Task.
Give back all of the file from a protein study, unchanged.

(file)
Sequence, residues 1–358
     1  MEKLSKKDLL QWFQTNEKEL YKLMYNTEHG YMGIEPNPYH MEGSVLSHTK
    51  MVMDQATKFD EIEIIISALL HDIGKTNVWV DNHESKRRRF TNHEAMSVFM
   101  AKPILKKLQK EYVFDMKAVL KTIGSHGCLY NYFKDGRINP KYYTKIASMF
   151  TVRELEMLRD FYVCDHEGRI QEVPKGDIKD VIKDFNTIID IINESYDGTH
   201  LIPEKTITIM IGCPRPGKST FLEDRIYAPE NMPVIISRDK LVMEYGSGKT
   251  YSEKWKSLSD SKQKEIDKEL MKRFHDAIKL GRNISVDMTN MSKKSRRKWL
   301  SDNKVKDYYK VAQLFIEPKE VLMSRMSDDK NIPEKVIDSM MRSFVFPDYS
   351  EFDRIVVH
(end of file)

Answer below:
Sequence, residues 1–358
     1  MEKLSKKDLL QWFQTNEKEL YKLMYNTEHG YMGIEPNPYH MEGSVLSHTK
    51  MVMDQATKFD EIEIIISALL HDIGKTNVWV DNHESKRRRF TNHEAMSVFM
   101  AKPILKKLQK EYVFDMKAVL KTIGSHGCLY NYFKDGRINP KYYTKIASMF
   151  TVRELEMLRD FYVCDHEGRI QEVPKGDIKD VIKDFNTIID IINESYDGTH
   201  LIPEKTITIM IGCPRPGKST FLEDRIYAPE NMPVIISRDK LVMEYGSGKT
   251  YSEKWKSLSD SKQKEIDKEL MKRFHDAIKL GRNISVDMTN MSKKSRRKWL
   301  SDNKVKDYYK VAQLFIEPKE VLMSRMSDDK NIPEKVIDSM MRSFVFPDYS
   351  EFDRIVVH